Crabbing on the Severn

Posted by on Oct 21, 2015 in Lessons Learned | 0 comments

Crabbing on the Severn

In Maryland, crabbing season starts three weeks after the forsythia blooms, when the crabs begin to make their way from the deep waters of the Chesapeake to the Severn. Crab lovers anxiously await the event as much as the arrival of the tall ships into the Baltimore Harbor and the 4th of July.

There are two stages of crabbing. The first stage is to load the “bait” into a trap or pot, preferably the fish “elwise”, however crabs also like chicken. The trap is constructed so the crabs are easily drawn in to the bait, but unable to escape. Once this trap is lowered into the water, crabs find their way into the trap and they remain content in until the bait is gone. Be prepared, if there is not enough bait to feed all of the crabs, the crabs will begin to eat each other. You know the rule, survival of the fittest.

The second stage is to “monitor” the crabs in the trap. Once the crabs are of ample supply in the trap, it is important to transfer them into the “holding tank” also loaded with elwise or chicken and placed in the water.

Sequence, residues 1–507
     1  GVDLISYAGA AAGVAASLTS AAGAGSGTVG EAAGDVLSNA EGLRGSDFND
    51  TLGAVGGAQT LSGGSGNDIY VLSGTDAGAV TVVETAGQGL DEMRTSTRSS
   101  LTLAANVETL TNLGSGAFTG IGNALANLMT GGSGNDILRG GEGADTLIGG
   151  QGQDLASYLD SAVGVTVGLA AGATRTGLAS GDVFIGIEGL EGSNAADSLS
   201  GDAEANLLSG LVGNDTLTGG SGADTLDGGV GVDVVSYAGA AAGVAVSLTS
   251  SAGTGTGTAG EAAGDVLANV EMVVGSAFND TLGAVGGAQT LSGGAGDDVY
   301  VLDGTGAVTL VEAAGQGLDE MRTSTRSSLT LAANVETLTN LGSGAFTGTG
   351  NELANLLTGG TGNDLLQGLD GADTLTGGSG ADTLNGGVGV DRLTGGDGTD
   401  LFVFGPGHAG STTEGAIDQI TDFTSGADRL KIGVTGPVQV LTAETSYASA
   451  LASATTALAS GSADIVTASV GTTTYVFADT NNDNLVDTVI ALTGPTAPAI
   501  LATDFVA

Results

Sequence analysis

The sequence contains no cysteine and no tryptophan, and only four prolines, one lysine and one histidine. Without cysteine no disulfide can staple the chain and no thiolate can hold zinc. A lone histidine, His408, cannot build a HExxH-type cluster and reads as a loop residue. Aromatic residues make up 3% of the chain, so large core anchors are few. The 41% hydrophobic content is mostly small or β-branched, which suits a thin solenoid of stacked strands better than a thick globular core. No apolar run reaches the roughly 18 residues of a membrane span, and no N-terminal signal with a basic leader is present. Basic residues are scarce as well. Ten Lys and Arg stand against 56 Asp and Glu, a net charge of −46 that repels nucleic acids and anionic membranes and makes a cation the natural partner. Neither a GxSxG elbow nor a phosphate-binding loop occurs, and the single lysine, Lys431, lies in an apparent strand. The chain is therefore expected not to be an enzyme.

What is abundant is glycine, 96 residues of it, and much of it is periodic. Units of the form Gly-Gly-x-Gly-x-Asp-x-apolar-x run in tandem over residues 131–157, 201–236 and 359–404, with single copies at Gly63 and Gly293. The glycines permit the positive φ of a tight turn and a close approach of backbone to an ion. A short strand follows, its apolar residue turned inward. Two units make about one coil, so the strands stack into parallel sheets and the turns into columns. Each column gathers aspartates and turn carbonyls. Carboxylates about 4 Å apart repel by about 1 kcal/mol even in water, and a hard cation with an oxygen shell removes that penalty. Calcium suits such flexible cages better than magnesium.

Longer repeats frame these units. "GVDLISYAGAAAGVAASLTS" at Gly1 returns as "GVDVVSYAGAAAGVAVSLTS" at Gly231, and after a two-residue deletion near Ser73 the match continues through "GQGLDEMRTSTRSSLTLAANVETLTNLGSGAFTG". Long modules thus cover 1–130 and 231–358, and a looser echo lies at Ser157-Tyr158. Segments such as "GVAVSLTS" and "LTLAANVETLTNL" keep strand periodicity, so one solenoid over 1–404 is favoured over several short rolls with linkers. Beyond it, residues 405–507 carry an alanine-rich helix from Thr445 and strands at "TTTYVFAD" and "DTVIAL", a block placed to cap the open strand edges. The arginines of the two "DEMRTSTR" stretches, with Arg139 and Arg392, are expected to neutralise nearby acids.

The process of “crabbing” involves going back and forth from trap to trap to make sure there is harmony, meaning plenty of food in each trap and transferring crabs from the trap to the holding tank at least once a day.

Every child awakens with anticipation to perform their first crabbing adventure. As they approach the traps, they are reluctant to get close, but lean heavily so they can see the crabs in the traps. They will ask to visit the traps several times during the day. It doesn’t matter to them that there were 2 crabs in the morning and there are 2 crabs in the afternoon.

It was the last day of the visit for our grandchildren. They had just witnessed their first crabbing activity. When asked “OK, guys, do we cook them and eat them or do we set them free?” Our granddaughter, 7 years old, very practical and the oldest of the 3 grandchildren said, “Let’s eat them.” She had never tasted crab, and hasn’t to this day at 15, but that is what she had seen adults do. However, our grandson, 5 years old at the time said “We have to set them free. We shouldn’t hurt anything that isn’t trying to hurt us. They haven’t done anything to us. Let’s let them go.”

So every summer, we put the crab pots out, we wait for crabs to arrive, we feed them, we observe them, then we set them free them and watch as they swim back into the river, well fed and ready to produce more crabs for our next year of crabbing.